Structure of QnrB1, a plasmid-mediated fluoroquinolone resistance factor.
ABSTRACT: QnrB1 is a plasmid-encoded pentapeptide repeat protein (PRP) that confers a moderate degree of resistance to fluoroquinolones. Its gene was cloned into an expression vector with an N-terminal polyhistidine tag, and the protein was purified by nickel affinity chromatography. The structure of QnrB1 was determined by a combination of trypsinolysis, surface mutagenesis, and single anomalous dispersion phasing. QnrB1 folds as a right-handed quadrilateral ?-helix with a highly asymmetric dimeric structure typical of PRP-topoisomerase poison resistance factors. The threading of pentapeptides into the ?-helical fold is interrupted by two noncanonical PRP sequences that produce outward projecting loops that interrupt the regularity of the PRP surface. Deletion of the larger upper loop eliminated the protective effect of QnrB1 on DNA gyrase toward inhibition by quinolones, whereas deletion of the smaller lower loop drastically reduced the protective effect. These loops are conserved among all plasmid-based Qnr variants (QnrA, QnrC, QnrD, and QnrS) and some chromosomally encoded Qnr varieties. A mechanism in which PRP-topoisomerase poison resistance factors bind to and disrupt the quinolone-DNA-gyrase interaction is proposed.
Project description:Since the discovery of qnrA in 1998, two additional qnr genes, qnrB and qnrS, have been described. These three plasmid-mediated genes contribute to quinolone resistance in gram-negative pathogens worldwide. A clinical strain of Proteus mirabilis was isolated from an outpatient with a urinary tract infection and was susceptible to most antimicrobials but resistant to ampicillin, sulfamethoxazole, and trimethoprim. Plasmid pHS10, harbored by this strain, was transferred to azide-resistant Escherichia coli J53 by conjugation. A transconjugant with pHS10 had low-level quinolone resistance but was negative by PCR for the known qnr genes, aac(6')-Ib-cr and qepA. The ciprofloxacin MIC for the clinical strain and a J53/pHS10 transconjugant was 0.25 microg/ml, representing an increase of 32-fold relative to that for the recipient, J53. The plasmid was digested with HindIII, and a 4.4-kb DNA fragment containing the new gene was cloned into pUC18 and transformed into E. coli TOP10. Sequencing showed that the responsible 666-bp gene, designated qnrC, encoded a 221-amino-acid protein, QnrC, which shared 64%, 42%, 59%, and 43% amino acid identity with QnrA1, QnrB1, QnrS1, and QnrD, respectively. Upstream of qnrC there existed a new IS3 family insertion sequence, ISPmi1, which encoded a frameshifted transposase. qnrC could not be detected by PCR, however, in 2,020 strains of Enterobacteriaceae. A new quinolone resistance gene, qnrC, was thus characterized from plasmid pHS10 carried by a clinical isolate of P. mirabilis.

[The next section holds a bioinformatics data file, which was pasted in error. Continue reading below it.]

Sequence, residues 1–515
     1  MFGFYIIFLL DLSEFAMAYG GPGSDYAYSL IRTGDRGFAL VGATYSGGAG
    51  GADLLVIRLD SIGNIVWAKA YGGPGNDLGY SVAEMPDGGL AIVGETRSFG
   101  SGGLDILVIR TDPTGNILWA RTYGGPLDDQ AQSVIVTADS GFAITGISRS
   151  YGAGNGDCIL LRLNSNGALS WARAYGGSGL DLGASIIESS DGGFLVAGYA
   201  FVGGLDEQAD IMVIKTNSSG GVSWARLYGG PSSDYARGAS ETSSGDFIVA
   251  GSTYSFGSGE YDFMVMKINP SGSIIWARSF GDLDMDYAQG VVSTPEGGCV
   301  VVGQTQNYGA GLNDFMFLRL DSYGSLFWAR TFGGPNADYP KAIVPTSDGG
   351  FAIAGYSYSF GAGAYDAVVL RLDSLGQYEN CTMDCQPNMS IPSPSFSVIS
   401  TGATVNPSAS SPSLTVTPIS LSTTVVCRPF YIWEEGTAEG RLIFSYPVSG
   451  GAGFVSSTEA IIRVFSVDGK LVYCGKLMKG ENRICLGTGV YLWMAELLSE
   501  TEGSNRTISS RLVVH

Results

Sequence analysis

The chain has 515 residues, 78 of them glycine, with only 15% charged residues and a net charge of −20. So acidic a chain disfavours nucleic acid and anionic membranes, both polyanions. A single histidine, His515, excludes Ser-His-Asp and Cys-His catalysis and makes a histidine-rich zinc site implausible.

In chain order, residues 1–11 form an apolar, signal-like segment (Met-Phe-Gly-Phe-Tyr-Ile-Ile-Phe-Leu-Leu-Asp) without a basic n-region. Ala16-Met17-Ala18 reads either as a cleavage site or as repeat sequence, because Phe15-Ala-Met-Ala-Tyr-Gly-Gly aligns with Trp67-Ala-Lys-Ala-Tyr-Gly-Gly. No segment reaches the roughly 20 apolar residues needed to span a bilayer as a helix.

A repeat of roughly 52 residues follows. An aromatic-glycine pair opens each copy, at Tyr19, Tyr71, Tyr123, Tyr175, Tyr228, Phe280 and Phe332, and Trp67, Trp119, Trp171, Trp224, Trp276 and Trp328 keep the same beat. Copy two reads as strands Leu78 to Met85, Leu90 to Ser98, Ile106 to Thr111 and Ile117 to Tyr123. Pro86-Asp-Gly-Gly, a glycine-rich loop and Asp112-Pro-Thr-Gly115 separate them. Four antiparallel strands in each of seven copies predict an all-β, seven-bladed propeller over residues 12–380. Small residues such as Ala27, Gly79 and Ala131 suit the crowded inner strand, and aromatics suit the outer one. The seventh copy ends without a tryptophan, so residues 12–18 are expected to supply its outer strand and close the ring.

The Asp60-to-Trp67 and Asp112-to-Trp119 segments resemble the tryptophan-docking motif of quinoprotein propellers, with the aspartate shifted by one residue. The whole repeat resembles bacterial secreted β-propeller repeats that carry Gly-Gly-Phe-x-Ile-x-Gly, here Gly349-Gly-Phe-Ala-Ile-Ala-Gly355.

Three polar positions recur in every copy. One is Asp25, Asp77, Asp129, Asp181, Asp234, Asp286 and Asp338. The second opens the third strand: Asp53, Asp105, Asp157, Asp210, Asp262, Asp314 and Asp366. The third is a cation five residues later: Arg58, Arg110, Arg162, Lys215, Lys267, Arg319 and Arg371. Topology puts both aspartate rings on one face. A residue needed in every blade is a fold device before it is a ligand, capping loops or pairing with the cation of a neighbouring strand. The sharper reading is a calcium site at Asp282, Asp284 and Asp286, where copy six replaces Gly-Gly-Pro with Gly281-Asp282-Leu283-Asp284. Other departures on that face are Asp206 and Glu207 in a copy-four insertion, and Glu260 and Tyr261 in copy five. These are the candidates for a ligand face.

Project description:Three mechanisms for plasmid-mediated quinolone resistance (PMQR) have been discovered since 1998. Plasmid genes qnrA, qnrB, qnrC, qnrD, qnrS, and qnrVC code for proteins of the pentapeptide repeat family that protects DNA gyrase and topoisomerase IV from quinolone inhibition. The qnr genes appear to have been acquired from chromosomal genes in aquatic bacteria, are usually associated with mobilizing or transposable elements on plasmids, and are often incorporated into sul1-type integrons. The second plasmid-mediated mechanism involves acetylation of quinolones with an appropriate amino nitrogen target by a variant of the common aminoglycoside acetyltransferase AAC(6')-Ib. The third mechanism is enhanced efflux produced by plasmid genes for pumps QepAB and OqxAB. PMQR has been found in clinical and environmental isolates around the world and appears to be spreading. The plasmid-mediated mechanisms provide only low-level resistance that by itself does not exceed the clinical breakpoint for susceptibility but nonetheless facilitates selection of higher-level resistance and makes infection by pathogens containing PMQR harder to treat.
Project description:DNA gyrase, a type II topoisomerase found predominantly in bacteria, is the target for a variety of 'poisons', namely natural product toxins (e.g. albicidin, microcin B17) and clinically important synthetic molecules (e.g. fluoroquinolones). Resistance to both groups can be mediated by pentapeptide repeat proteins (PRPs). Despite long-term studies, the mechanism of action of these protective PRPs is not known. We show that a PRP, QnrB1 provides specific protection against fluoroquinolones, which strictly requires ATP hydrolysis by gyrase. QnrB1 binds to the GyrB protein and stimulates ATPase activity of the isolated N-terminal ATPase domain of GyrB (GyrB43). We probed the QnrB1 binding site using site-specific incorporation of a photoreactive amino acid and mapped the crosslinks to the GyrB43 protein. We propose a model in which QnrB1 binding allosterically promotes dissociation of the fluoroquinolone molecule from the cleavage complex.